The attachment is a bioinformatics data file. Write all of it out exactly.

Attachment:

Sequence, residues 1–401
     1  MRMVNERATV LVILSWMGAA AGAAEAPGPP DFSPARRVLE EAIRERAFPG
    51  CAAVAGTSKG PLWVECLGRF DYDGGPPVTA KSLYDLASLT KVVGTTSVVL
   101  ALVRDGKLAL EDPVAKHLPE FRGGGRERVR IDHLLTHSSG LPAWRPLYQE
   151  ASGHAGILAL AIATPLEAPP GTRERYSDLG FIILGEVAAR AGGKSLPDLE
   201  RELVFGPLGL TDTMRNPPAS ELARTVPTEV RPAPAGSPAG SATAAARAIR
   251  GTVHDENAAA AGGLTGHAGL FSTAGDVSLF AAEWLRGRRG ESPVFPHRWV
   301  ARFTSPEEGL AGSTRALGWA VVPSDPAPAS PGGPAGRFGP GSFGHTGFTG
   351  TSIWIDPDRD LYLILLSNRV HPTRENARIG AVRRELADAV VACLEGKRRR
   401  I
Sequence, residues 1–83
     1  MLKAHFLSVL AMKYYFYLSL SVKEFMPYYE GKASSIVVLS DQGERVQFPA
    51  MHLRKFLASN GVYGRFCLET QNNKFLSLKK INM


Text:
Sequence, residues 1–401
     1  MRMVNERATV LVILSWMGAA AGAAEAPGPP DFSPARRVLE EAIRERAFPG
    51  CAAVAGTSKG PLWVECLGRF DYDGGPPVTA KSLYDLASLT KVVGTTSVVL
   101  ALVRDGKLAL EDPVAKHLPE FRGGGRERVR IDHLLTHSSG LPAWRPLYQE
   151  ASGHAGILAL AIATPLEAPP GTRERYSDLG FIILGEVAAR AGGKSLPDLE
   201  RELVFGPLGL TDTMRNPPAS ELARTVPTEV RPAPAGSPAG SATAAARAIR
   251  GTVHDENAAA AGGLTGHAGL FSTAGDVSLF AAEWLRGRRG ESPVFPHRWV
   301  ARFTSPEEGL AGSTRALGWA VVPSDPAPAS PGGPAGRFGP GSFGHTGFTG
   351  TSIWIDPDRD LYLILLSNRV HPTRENARIG AVRRELADAV VACLEGKRRR
   401  I
Sequence, residues 1–83
     1  MLKAHFLSVL AMKYYFYLSL SVKEFMPYYE GKASSIVVLS DQGERVQFPA
    51  MHLRKFLASN GVYGRFCLET QNNKFLSLKK INM